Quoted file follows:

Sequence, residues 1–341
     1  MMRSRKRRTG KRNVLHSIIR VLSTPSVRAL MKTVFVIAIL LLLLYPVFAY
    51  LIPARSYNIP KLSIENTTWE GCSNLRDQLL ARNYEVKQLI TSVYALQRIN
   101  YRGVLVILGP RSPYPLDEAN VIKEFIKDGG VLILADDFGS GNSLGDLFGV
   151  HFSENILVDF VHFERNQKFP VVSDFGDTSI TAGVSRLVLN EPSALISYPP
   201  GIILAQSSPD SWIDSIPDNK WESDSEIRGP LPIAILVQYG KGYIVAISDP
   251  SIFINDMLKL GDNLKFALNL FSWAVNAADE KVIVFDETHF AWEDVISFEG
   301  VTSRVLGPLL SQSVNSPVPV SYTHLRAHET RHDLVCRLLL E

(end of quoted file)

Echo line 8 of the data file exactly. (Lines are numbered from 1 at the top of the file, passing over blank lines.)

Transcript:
   301  VTSRVLGPLL SQSVNSPVPV SYTHLRAHET RHDLVCRLLL E